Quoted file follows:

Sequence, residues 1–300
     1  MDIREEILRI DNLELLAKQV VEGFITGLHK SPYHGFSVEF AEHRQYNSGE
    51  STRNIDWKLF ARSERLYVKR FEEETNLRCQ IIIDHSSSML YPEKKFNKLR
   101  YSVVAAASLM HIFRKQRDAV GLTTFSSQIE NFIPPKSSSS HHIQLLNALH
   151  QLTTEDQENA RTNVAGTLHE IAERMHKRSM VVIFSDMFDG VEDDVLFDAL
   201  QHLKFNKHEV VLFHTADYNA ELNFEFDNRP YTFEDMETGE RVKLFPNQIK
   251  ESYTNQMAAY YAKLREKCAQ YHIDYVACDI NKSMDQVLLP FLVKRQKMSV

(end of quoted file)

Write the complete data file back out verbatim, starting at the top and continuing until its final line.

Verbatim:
Sequence, residues 1–300
     1  MDIREEILRI DNLELLAKQV VEGFITGLHK SPYHGFSVEF AEHRQYNSGE
    51  STRNIDWKLF ARSERLYVKR FEEETNLRCQ IIIDHSSSML YPEKKFNKLR
   101  YSVVAAASLM HIFRKQRDAV GLTTFSSQIE NFIPPKSSSS HHIQLLNALH
   151  QLTTEDQENA RTNVAGTLHE IAERMHKRSM VVIFSDMFDG VEDDVLFDAL
   201  QHLKFNKHEV VLFHTADYNA ELNFEFDNRP YTFEDMETGE RVKLFPNQIK
   251  ESYTNQMAAY YAKLREKCAQ YHIDYVACDI NKSMDQVLLP FLVKRQKMSV